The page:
Sampa the Great - As Above, So Below Music Album Reviews

Sampa the Great - As Above, So Below Music Album Reviews
The rapper continues to explore identity and belonging on her second album. Recorded in her native Zambia, it folds together zamrock, polyrhythmic percussion, and choral harmonies.

When Sampa the Great became one of Australia’s most celebrated rap acts, the Zambia-born, Botswana-raised artist was determined to remind listeners of her African origins. Her response was The Return, a sprawling mix of jazz rap, earth-toned R&B, and self-affirming spoken word that used the displacement of diaspora to explore the meaning of home. Across the 77-minute album, Sampa took solace and found family in the collaborators that sustained her an ocean away from her homeland. That journey of self-acceptance continues on As Above, So Below, where Sampa folds zamrock, polyrhythmic percussion, and choral harmonies into her roving music. Though her rapping remains impersonal, she sounds renewed on these homegrown songs, the anxiety of her past music replaced with relief.

Sampa recorded the album in Zambia over a two-week period, working with local musicians and producers who understood and expanded her cultural reference points. In Australia, she often had to play translator when she wanted producers to incorporate Southern African elements into her music, a process that underscored the very remoteness from home she was trying to lessen. Her collaborators on As Above, So Below let her be a denizen rather than a liaison, allowing her to truly showcase the place and culture she loves, not just evoke it. She never unlocks the full potential of the change in setting, but the arrangements are inspired.

The album is leaner and punchier than its restless predecessor, trading winding verses and interludes for streamlined songs of celebration. Produced by gospel artist Mag44, along with Powers Pleasant and Solomon Moyo, the songs prioritize rhythm and groove with a mix of live instrumentation and buoyant drum programming. As Above, So Below isn’t a wall-to-wall transcontinental party like GoldLink’s Diaspora, WurlD’s My WorlD With U, or Amaarae’s The Angel You Don’t Know, but the mood is festive. “MaskOn” begins with a rhythmic Zambian nursery rhyme padded with bass kicks and shouts, then slinks into a swaying blend of hi-hats and blues guitar reminiscent of UGK’s country rap. “Can I Live,” a collaboration with one of the surviving members of pioneering zamrock band W.I.T.C.H., opens with gospel keys and percussion and builds to a psychedelic electric-guitar freakout. Sampa and crew seem hell-bent on packing the album with details and nods to Zambian music, every track a byway to some bustling hub.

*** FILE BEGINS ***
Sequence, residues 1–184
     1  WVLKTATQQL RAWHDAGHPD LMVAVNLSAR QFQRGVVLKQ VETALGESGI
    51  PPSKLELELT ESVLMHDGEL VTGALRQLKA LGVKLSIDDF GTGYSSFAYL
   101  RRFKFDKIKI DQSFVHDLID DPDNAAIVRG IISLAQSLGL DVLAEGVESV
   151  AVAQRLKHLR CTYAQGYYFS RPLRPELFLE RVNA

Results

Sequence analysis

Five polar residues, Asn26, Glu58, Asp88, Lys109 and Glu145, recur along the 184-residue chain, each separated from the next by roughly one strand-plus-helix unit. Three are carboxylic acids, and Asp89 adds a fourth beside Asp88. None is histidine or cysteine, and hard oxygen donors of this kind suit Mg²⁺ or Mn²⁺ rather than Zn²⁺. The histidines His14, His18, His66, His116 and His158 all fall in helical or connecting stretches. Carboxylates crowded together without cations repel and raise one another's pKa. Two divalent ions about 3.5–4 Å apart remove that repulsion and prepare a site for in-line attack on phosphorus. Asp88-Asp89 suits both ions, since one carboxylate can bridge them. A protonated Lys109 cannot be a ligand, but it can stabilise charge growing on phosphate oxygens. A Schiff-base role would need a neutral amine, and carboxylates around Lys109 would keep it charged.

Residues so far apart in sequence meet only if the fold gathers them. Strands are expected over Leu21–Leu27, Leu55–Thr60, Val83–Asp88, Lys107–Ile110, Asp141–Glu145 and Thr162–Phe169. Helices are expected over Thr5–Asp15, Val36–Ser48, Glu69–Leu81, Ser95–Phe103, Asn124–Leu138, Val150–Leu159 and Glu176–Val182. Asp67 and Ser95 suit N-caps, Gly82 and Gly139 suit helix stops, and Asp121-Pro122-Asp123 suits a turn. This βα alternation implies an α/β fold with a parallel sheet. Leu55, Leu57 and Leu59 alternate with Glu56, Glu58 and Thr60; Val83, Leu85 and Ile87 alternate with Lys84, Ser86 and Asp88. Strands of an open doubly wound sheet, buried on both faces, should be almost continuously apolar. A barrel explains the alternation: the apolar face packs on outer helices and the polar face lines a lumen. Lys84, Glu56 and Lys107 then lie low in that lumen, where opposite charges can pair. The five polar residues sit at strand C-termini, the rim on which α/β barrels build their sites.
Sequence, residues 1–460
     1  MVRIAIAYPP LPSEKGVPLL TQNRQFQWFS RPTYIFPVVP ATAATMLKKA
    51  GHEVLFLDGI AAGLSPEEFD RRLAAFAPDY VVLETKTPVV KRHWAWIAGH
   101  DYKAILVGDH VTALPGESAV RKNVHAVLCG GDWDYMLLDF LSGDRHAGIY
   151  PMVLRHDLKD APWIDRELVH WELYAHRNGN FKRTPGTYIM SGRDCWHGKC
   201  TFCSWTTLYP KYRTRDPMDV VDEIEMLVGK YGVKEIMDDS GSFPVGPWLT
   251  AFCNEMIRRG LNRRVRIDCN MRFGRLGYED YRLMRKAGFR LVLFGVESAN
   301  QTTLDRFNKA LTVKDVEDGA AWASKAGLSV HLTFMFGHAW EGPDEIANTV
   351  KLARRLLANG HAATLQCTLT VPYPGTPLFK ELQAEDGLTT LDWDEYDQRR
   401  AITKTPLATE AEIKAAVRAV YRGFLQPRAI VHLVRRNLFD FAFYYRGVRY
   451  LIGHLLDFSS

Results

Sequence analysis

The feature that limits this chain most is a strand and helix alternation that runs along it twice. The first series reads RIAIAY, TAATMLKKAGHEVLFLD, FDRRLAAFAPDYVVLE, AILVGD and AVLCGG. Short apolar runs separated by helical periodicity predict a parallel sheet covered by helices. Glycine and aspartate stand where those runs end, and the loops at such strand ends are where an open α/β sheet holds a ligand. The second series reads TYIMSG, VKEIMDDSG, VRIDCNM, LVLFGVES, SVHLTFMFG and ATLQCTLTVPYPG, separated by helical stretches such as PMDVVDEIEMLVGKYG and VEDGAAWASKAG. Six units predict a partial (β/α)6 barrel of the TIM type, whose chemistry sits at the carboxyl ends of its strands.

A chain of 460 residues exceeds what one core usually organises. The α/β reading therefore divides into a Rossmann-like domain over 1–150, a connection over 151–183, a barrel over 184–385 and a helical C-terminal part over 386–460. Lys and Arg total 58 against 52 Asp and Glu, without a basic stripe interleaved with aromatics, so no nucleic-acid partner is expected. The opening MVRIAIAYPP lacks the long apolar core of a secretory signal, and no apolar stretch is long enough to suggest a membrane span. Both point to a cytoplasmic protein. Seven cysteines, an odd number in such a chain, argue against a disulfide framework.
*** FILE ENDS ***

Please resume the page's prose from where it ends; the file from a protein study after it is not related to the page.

Sampa’s limber singing and rapping fit snugly into all this motion. She performs in both English and the Zambian language Bemba over a pittering marimba arrangement on “Tilibobo.” The growled verses of “Can I Live” lean into the grit of her throaty voice, the strain conveying her irritation. On “Lo Rain,” which channels the lullaby rap of Noname, her double-time flows swing with the drums and keyboard melodies.

On a technical level, these songs offer the best performances of Sampa’s career, but in terms of style and emotion, they fall short. Despite the homecoming mood, Sampa often sounds distant, her rhymes functional and indistinct. The odes to African achievements on “Never Forget” are self-affirming but grayscale. “Who took fabric, made that shit classic/That shit aint average/We did,” Sampa boasts flatly. “Let Me Be Great,” in which Sampa declares herself a lion and a king while demanding respect, is just as generic. There’s no hunger to her delivery, no slap to her chest-thumping. Though heartfelt, her embrace of Zambian music fails to unlock new dimensions to her writing or sharpen her perspectives on home and herself. Sampa flies her flag, but never flaunts it. That anonymity doesn’t sink As Above, So Below, but it dampens the thrill of Sampa tapping into her roots, and underscores her shaky fundamentals as a rapper. Despite her dexterous flows, she lacks presence; her songs signify the many places she’s been and people she’s met, but rarely bring those connections to life.

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About Wanni Arachchige Udara Madusanka Perera

Hey, I'm Perera! I will try to give you technology reviews(mobile,gadgets,smart watch & other technology things), Automobiles, News and entertainment for built up your knowledge.
Sampa the Great - As Above, So Below Music Album Reviews Sampa the Great - As Above, So Below Music Album Reviews Reviewed by Wanni Arachchige Udara Madusanka Perera on Monday, September 19, 2022 Rating: 5

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